The basic idea behind the Monte Carlo method is that you have a complex simulation of some process. The outcome of the simulation depends upon some number of factors that you don't know with certainty, although you might be able to guess a likely range for them. Also, these factors interact in complicated and non-obvious ways, so that a slight tweaking of a factor might lead to an entirely different outcome. Using this sort of a simulation for prediction is pretty hopeless, because it's too sensitive to your guesses about these factors. If you change your guess a little bit, the outcome changes.
For example, you might have a computer program that simulates an entire football game down-by-down. Each down you select an offensive play, a defensive set, you choose which receiver to pass the ball to, etc. You have random factors to cover things like corner backs falling down, etc. This might make a fun game (think John Madden Football) but running Seattle vs. San Francisco one time and using that to predict next weekend's outcome is obviously foolish.
The idea with the Monte Carlo method is to "wash out" this sensitivity by running the simulation many, many times with a sampling of random values for the factors within their likely ranges. Then you can sum up over the outcomes to get a percentage estimate for each outcome. For example, you run John Madden Football ten thousand times and Seattle wins 64% of the time.
Over on Stats Intelligence, Jeff complains today about the arbitrary number of iterations people claim for their Monte Carlo simulations to give them a veneer of accuracy and in-depth analysis. And I agree with him completely on this issue -- it's ridiculous to see "50,000" runs when you know that's 100x more than necessary.
But my complaint is different.
Over at the Harvard Sports Analysis blog (another blog you should read if you don't already), Julian Ryan has a posting which uses a Monte Carlo approach to estimate Harvard's chances of winning the Ivy League championship in basketball. (By the way, he did 50,000 simulations :-) In his simulations, he estimated Harvard's chance to win each game based upon Ken Pomeroy's ratings.
This sounds like a sophisticated approach that will give new insights into the Ivy League competition.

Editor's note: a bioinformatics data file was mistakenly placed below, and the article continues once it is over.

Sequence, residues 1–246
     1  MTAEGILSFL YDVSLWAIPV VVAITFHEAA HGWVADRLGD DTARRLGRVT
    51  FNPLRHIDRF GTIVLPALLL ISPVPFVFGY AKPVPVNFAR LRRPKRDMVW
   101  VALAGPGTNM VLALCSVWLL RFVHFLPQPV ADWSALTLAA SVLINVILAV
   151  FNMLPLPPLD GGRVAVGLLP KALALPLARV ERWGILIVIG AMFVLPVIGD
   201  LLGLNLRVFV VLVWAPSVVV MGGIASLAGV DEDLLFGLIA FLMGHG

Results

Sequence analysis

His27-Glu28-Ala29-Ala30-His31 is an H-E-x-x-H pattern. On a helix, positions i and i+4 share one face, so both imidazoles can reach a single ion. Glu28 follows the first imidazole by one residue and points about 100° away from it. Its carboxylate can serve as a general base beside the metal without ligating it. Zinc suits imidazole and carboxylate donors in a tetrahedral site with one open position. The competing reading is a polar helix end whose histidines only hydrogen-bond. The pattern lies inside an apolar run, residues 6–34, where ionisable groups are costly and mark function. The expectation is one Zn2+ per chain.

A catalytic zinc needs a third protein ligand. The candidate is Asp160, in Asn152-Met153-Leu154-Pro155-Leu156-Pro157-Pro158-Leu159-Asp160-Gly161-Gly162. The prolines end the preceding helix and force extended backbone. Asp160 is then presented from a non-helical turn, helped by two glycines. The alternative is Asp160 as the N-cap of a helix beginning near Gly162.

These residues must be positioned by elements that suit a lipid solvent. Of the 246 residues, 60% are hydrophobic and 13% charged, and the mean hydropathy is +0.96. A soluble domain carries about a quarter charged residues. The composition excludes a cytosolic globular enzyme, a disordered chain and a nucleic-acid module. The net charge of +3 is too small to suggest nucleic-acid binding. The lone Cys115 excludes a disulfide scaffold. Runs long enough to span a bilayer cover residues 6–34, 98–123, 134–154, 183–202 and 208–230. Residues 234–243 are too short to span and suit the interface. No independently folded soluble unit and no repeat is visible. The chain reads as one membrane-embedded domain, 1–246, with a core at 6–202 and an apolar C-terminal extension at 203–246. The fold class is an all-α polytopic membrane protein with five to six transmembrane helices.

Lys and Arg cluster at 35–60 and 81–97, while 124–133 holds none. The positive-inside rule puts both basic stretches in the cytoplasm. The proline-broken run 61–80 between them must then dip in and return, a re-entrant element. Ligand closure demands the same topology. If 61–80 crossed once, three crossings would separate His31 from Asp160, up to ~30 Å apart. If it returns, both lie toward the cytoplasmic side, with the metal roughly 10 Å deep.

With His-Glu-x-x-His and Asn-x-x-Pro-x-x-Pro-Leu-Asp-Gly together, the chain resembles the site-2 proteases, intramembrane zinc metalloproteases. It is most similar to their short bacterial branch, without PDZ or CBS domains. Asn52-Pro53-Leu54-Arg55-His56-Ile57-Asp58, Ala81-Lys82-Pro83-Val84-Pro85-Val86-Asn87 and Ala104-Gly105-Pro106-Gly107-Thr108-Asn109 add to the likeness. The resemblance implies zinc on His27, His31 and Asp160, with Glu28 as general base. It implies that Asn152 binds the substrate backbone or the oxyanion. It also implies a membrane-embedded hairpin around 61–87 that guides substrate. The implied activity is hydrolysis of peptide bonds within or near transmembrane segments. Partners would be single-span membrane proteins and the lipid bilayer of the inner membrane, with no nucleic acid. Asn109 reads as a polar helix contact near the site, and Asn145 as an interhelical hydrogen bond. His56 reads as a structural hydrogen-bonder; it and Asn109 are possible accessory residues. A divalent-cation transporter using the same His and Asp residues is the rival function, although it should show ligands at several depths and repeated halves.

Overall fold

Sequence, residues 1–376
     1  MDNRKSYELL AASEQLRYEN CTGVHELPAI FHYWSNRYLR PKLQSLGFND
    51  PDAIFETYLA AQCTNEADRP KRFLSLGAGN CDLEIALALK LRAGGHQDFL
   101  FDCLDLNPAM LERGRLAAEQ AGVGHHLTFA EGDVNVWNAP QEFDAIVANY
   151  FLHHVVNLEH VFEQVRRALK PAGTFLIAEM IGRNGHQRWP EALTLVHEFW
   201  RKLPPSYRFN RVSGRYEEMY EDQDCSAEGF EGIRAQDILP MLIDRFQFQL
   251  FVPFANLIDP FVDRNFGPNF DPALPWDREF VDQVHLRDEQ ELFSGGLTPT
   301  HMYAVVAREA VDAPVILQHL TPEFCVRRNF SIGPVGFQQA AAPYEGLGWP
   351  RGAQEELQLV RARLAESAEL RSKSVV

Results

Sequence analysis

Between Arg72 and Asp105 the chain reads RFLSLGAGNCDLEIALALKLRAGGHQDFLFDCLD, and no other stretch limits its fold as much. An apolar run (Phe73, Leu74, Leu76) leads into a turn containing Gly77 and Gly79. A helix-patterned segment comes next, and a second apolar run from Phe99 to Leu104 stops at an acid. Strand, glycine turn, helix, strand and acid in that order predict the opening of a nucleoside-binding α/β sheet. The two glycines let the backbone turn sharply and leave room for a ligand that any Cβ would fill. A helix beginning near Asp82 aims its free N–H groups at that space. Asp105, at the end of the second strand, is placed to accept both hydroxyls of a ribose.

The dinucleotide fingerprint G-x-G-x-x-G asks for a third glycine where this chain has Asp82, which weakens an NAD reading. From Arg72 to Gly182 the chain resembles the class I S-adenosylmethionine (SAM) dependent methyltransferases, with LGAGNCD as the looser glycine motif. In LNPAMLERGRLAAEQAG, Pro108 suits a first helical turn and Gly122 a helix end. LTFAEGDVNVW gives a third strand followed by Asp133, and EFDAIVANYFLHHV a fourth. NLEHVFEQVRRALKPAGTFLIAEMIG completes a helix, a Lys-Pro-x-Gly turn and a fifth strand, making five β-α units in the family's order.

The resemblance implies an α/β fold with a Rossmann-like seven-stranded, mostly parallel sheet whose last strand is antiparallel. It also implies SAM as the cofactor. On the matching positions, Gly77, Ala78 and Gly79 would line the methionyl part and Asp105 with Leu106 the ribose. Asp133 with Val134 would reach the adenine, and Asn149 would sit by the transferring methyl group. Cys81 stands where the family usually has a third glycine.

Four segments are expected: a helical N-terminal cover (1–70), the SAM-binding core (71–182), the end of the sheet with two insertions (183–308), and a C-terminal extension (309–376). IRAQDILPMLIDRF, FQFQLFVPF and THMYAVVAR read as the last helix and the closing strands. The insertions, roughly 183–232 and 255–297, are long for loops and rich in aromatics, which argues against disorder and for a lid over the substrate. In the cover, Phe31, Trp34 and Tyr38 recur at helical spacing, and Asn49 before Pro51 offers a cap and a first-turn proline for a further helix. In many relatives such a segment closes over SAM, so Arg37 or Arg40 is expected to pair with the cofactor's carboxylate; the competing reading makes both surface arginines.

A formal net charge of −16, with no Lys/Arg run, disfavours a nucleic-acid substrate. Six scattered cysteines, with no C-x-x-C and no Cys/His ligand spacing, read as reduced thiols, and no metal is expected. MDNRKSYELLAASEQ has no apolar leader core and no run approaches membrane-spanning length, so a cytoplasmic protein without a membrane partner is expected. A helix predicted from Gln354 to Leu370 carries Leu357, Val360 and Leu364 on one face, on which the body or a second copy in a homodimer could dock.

But here's the thing. The outcome of each simulated game is based upon exactly one factor -- a percentage derived from the ratings of the two teams. So when Harvard plays Yale, you plug the ratings into a formula and out comes the likelihood of a Harvard victory -- 74%, say. Now let's imagine we "simulate" that game 50,000 times by rolling a 100-sided die and giving Harvard a victory if the number is 74 or below. At the end of this excruciating exercise, guess what percentage of the simulated games Harvard has won?
If you just have a few fixed factors, you can calculate the likelihood of an outcome directly. You don't need to use a Monte Carlo approach. If you look at Julian Ryan's results, you'll see that Harvard is the most likely winner of the Ivy League, followed by Princeton and then Columbia. Is that a big insight from the Monte Carlo approach? No. That's simply the order of the teams in the Pomeroy ratings. If you look at the expected number of wins for Harvard, you'll see it looks like a normal distribution. Well, it should, because that's what you get when you take the mean of a bunch of random outcomes.
Now to be fair to Mr. Ryan, he's not the only one to do this sort of thing. In fact, Ken Pomeroy uses Monte Carlo simulations to predict conference results. (With, not surprisingly, the same results for the Ivy League.) The only defense I can offer is that a Monte Carlo simulation is a fairly straightforward way to estimate a number that can be hard to calculate. If I tell you that Harvard has a 94% chance of winning when it hosts Yale, and a 74% chance when playing at Yale, then the chance that Harvard goes 2-0 is .94x.74, the chance that they go 1-1 is .94*.36 + .06*.74 and the chance that they go 0-2 is .06*.36. It gets increasingly hard to calculate the likelihoods as the number of teams and games goes up.
(Although in a league that plays home-and-home between all teams, this is all unnecessary. The chances of winning the league are directly proportional to the strength ratings!)
In summary: For a simple simulation based upon a few fixed factors, the Monte Carlo method may be useful for estimating hard-to-calculate numbers but doesn't offer any additional insight beyond the known factors.